If you notice the stock market has a low volume tomorrow, it’s probably due to the “paralyzing blizzard” that’s set to hit our area tomorrow.
Accuweather has the details:
The same storm that brought a gentle snowfall across Texas on Tuesday will reach the Northeast in the form of an atmospheric monster with damaging winds, blinding snow, torrential rain, huge waves and flooding.
In the hardest-hit areas, it will seem more like a “snowacane,” as a mere blizzard may not adequately describe conditions of this soon-to-be powerful nor’easter.
Wind gusts can reach 70 mph in some areas, just shy of hurricane force. Many locations in the mid-Atlantic and New England will endure gusts topping 50 mph at some point Thursday to Friday.
Winds of this strength will down trees and power lines. Expect flying debris ranging from trash cans to shingles. Significant property damage can occur.
The powerful winds will lead to coastal flooding in New England, while causing disruptive blowout tides and very low water levels in some seaports the mid-Atlantic from New Jersey to the Carolinas.
Snowfall from the storm will accumulate 1 to 2 feet from western Maine to northern Vermont and over much of the Mohawk and Hudson valleys in New York state as well as the Catskills and Poconos. Albany, Binghamton, Rochester and Scranton fall within this zone.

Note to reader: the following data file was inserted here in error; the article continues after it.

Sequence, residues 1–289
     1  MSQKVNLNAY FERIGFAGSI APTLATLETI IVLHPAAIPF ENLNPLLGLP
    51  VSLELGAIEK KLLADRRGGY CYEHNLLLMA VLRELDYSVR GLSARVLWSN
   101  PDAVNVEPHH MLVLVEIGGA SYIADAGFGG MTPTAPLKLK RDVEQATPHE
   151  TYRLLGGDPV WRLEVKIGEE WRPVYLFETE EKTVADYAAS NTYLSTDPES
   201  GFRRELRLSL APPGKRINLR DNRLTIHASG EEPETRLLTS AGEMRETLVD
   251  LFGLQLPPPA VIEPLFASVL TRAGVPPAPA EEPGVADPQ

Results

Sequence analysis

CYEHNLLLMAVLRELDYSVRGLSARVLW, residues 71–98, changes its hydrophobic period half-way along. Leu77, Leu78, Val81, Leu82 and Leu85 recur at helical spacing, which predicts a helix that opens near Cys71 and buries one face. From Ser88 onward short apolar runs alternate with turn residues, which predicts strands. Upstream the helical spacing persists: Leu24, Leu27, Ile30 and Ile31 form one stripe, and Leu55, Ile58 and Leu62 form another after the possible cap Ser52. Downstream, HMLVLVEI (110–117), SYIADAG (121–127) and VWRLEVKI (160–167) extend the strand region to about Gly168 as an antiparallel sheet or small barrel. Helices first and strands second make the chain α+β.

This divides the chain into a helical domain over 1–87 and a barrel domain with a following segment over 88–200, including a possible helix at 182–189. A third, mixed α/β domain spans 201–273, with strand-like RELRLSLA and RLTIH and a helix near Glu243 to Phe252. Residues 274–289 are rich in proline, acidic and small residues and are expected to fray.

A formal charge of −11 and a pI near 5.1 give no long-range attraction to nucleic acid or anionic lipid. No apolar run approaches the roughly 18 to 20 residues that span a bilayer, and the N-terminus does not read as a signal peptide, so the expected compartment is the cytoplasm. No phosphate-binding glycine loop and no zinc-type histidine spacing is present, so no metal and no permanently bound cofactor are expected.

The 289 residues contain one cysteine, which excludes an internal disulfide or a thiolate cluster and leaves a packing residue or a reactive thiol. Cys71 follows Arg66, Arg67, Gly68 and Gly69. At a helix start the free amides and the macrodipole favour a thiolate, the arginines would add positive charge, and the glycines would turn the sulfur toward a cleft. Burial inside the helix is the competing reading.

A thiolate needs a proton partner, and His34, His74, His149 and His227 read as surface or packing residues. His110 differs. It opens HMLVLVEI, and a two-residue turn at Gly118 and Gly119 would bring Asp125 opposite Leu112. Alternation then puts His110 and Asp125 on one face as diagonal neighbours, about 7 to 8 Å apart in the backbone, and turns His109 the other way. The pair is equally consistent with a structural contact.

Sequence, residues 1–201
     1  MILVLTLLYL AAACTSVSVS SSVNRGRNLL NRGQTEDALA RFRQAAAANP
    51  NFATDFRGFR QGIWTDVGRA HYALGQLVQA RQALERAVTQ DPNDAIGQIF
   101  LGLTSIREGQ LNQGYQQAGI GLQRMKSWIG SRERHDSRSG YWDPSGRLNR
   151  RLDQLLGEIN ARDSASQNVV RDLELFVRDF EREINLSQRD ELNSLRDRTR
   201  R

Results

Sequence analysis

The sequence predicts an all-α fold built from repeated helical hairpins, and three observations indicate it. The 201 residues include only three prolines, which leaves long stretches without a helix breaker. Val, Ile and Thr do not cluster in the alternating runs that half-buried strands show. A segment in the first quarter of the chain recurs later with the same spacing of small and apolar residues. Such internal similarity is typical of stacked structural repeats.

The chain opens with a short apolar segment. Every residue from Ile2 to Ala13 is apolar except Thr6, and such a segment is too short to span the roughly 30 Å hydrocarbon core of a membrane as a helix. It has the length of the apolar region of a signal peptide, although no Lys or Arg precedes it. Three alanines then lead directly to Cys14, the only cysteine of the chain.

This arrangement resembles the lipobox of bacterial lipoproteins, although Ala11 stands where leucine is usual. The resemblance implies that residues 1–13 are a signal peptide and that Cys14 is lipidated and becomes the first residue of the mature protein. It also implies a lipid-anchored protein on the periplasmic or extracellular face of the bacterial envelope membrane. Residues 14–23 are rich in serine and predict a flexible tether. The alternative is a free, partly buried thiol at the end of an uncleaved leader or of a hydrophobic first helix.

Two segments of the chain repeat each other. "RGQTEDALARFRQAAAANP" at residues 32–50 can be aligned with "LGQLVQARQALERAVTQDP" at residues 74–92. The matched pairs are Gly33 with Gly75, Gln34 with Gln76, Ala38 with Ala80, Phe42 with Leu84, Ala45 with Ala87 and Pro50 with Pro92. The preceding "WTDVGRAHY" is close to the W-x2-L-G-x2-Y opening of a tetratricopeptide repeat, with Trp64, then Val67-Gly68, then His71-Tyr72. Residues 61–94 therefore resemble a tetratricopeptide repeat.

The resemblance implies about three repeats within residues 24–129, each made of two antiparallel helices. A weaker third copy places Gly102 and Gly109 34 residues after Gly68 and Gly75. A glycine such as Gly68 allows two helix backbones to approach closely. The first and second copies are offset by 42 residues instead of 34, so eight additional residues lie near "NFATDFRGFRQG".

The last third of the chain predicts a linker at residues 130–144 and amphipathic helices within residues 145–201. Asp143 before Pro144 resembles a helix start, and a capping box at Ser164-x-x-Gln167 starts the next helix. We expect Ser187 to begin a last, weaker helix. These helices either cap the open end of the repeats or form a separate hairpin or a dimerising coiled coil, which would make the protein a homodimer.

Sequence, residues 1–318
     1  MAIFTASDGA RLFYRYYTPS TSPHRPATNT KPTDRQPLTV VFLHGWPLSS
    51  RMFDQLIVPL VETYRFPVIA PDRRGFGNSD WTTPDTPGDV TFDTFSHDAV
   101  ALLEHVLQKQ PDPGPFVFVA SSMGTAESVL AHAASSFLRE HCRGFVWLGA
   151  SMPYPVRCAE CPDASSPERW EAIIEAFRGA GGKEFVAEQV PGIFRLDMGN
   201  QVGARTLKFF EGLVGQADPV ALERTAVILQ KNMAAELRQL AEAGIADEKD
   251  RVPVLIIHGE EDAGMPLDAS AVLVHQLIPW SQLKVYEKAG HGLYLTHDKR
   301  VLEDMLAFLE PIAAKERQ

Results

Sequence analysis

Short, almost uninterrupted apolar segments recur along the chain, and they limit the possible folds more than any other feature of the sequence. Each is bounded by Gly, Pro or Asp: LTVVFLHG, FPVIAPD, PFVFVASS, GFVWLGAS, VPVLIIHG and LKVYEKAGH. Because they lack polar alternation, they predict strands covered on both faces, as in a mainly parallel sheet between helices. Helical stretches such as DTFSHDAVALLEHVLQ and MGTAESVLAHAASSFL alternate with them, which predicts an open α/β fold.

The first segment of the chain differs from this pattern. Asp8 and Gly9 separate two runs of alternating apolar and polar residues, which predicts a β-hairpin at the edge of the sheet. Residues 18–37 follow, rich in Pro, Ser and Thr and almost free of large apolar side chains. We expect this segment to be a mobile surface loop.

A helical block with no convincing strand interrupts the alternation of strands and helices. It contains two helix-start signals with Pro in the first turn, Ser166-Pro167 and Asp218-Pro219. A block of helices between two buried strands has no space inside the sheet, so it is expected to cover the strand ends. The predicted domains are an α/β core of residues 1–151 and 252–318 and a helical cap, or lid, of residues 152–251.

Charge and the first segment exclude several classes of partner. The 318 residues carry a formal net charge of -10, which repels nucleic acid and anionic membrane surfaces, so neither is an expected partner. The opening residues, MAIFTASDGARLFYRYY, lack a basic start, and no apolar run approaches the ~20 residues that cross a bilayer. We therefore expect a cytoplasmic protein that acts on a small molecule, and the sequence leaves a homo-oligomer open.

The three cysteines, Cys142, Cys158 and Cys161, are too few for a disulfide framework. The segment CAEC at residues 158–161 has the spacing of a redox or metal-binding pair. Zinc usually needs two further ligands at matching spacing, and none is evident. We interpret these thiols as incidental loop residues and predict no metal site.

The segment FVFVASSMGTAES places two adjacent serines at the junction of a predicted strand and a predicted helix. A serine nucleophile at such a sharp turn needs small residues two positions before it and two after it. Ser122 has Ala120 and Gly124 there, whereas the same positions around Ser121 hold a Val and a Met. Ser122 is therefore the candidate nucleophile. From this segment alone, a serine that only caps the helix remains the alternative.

A broad area of 6- to 12-inch snowfall will fall from northern New Brunswick to central New Jersey, much of Pennsylvania, northeastern Ohio and southern Ontario. New York City, Buffalo, Montreal, Ottawa, Toronto and part of the Philadelphia area lie in this area.
Northeast of the storm’s centre, flooding from heavy rain, snow melt and the ocean is to be expected in eastern New England. This includes Boston, Providence and Portland.
In addition to widespread damage, the storm threatens to impact travel severely throughout the Northeast and sporadically elsewhere across the nation.
Some roads will close due to heavy snow, downed trees and flooding. Flight delays and cancellations will mount at airports in the Northeast, while ripple-effect problems expand across the nation and abroad.
Many school in the region may be closed, delayed or have early dismissal.
While we have the calm before the storm through early Thursday, the wintry tempest will rage fiercest from Thursday afternoon into Friday morning.
Be sure to keep checking back with AccuWeather.com for the latest updates on this dangerous, damaging and disruptive storm.
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